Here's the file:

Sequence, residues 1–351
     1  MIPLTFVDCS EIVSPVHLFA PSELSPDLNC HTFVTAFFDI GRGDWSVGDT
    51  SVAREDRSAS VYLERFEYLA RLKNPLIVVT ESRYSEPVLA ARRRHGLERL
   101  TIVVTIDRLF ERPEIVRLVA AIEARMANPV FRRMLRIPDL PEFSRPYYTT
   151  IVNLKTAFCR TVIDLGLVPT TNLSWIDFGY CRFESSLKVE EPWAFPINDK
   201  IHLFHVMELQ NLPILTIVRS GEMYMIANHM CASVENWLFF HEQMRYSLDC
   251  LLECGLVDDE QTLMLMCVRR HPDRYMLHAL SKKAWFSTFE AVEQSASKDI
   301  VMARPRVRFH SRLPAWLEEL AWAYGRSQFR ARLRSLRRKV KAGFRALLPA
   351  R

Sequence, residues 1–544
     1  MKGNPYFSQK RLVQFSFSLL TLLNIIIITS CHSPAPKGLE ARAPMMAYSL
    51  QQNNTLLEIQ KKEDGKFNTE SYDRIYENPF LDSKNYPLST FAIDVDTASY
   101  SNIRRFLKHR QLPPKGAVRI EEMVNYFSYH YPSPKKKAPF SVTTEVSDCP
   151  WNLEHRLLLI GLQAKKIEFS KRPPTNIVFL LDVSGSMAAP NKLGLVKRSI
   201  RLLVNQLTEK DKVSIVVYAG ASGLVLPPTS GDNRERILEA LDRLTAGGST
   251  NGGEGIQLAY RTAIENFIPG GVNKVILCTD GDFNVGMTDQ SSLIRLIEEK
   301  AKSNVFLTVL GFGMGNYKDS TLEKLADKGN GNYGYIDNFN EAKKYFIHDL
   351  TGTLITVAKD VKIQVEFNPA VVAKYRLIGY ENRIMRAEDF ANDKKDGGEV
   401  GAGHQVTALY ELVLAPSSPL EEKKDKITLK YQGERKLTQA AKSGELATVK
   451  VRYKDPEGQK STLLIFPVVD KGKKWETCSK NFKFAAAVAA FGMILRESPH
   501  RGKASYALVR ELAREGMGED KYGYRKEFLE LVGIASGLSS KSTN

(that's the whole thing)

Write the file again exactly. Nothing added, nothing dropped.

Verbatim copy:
Sequence, residues 1–351
     1  MIPLTFVDCS EIVSPVHLFA PSELSPDLNC HTFVTAFFDI GRGDWSVGDT
    51  SVAREDRSAS VYLERFEYLA RLKNPLIVVT ESRYSEPVLA ARRRHGLERL
   101  TIVVTIDRLF ERPEIVRLVA AIEARMANPV FRRMLRIPDL PEFSRPYYTT
   151  IVNLKTAFCR TVIDLGLVPT TNLSWIDFGY CRFESSLKVE EPWAFPINDK
   201  IHLFHVMELQ NLPILTIVRS GEMYMIANHM CASVENWLFF HEQMRYSLDC
   251  LLECGLVDDE QTLMLMCVRR HPDRYMLHAL SKKAWFSTFE AVEQSASKDI
   301  VMARPRVRFH SRLPAWLEEL AWAYGRSQFR ARLRSLRRKV KAGFRALLPA
   351  R

Sequence, residues 1–544
     1  MKGNPYFSQK RLVQFSFSLL TLLNIIIITS CHSPAPKGLE ARAPMMAYSL
    51  QQNNTLLEIQ KKEDGKFNTE SYDRIYENPF LDSKNYPLST FAIDVDTASY
   101  SNIRRFLKHR QLPPKGAVRI EEMVNYFSYH YPSPKKKAPF SVTTEVSDCP
   151  WNLEHRLLLI GLQAKKIEFS KRPPTNIVFL LDVSGSMAAP NKLGLVKRSI
   201  RLLVNQLTEK DKVSIVVYAG ASGLVLPPTS GDNRERILEA LDRLTAGGST
   251  NGGEGIQLAY RTAIENFIPG GVNKVILCTD GDFNVGMTDQ SSLIRLIEEK
   301  AKSNVFLTVL GFGMGNYKDS TLEKLADKGN GNYGYIDNFN EAKKYFIHDL
   351  TGTLITVAKD VKIQVEFNPA VVAKYRLIGY ENRIMRAEDF ANDKKDGGEV
   401  GAGHQVTALY ELVLAPSSPL EEKKDKITLK YQGERKLTQA AKSGELATVK
   451  VRYKDPEGQK STLLIFPVVD KGKKWETCSK NFKFAAAVAA FGMILRESPH
   501  RGKASYALVR ELAREGMGED KYGYRKEFLE LVGIASGLSS KSTN